Oct 292013

whitbread beerOne of the platforms I worked on at Glazer’s was to obtain the leading or second best-selling beer of each country in the world.  If I could not acquire said brand, then the goal was to look at other key brands, who owned the brand and what was its future.  During this time, one of the companies that fit this description was Royal Imports, with Mackeson Stout and Whitbread from England.  The brands were owned by InBev and sold under an agreement with Royal Imports, headed up by George Henricksen, based in Cincinnati.  With limited resources, no employees, and a small team of brokers, George managed to build Royal into a nice business, selling several hundred thousand cases a year.

At one point, George and I explored the possibility of Warsteiner and Royal doing a JV and consolidating.  The process did not happen because the agreement that Royal had with InBev was time bound and InBev was adverse to an extension.  In fact, when the agreement came to an end, Royal Imports was terminated, and George retired.  InBev walked away from the all that volume and the work George did, and competing brand(s) picked up InBev’s left overs.

Since then, InBev, in addition to buying AB, has acquired numerous import brands including St. Pauli Girl, Presidente, Spaten, Franzikaner, and Bass which were once imported by companies other than InBev.  InBev also took Beck’s from Germany and began brewing it in St. Louis.  They did the same thing with Bass.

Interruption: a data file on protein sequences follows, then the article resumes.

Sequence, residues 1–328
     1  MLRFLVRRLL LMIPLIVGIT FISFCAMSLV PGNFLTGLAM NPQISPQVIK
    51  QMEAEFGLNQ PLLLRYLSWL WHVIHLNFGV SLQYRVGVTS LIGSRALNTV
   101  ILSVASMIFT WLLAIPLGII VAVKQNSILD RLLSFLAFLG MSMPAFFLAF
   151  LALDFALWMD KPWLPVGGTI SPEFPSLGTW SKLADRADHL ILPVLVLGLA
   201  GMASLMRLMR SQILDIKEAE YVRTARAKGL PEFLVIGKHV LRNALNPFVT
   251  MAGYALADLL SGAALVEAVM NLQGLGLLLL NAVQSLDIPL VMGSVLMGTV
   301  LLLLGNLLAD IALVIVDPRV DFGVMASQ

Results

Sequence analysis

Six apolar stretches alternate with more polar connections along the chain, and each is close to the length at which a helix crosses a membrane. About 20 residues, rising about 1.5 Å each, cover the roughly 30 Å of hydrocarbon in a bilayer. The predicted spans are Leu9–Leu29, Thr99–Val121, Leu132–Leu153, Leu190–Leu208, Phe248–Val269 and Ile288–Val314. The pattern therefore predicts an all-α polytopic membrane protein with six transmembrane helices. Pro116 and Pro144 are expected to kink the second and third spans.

Because of this, AB distributors, encouraged by ABI, either traded or bought these InBev brands from their competing wholesalers if they did not already distribute the beers.  Consolidation on a smaller scale.  A number of good brands and a lot of money changed hands in these transactions.

As of this summer, the sales of these brands were considerably lower, just as InBev did with the sales of Mackeson and Whitbread.  SPI was down -63,000 cs. or -22.6%, Presidente down -120,000 cs. or -51%, Bass down -65,000 cs. or -26%, Spaten/Franzikaner down -30,000 cs. or -25% each.  Beck’s, once the largest imported German beer, down -207,000 cs. or -16%, Beck’s light, -35,000 cs. or -30%.

So the question that distributors should be asking is why should we spend our money or give up growing brands to acquire products which ABI then simply allows to die?  Perhaps once ABI gets all of these brands under their own distributor network they will ramp up marketing support.  By not supporting these brands, since many are still in non-ABI houses, it makes it much easier for the ABI distributors to acquire the brands and at a cheaper price, too!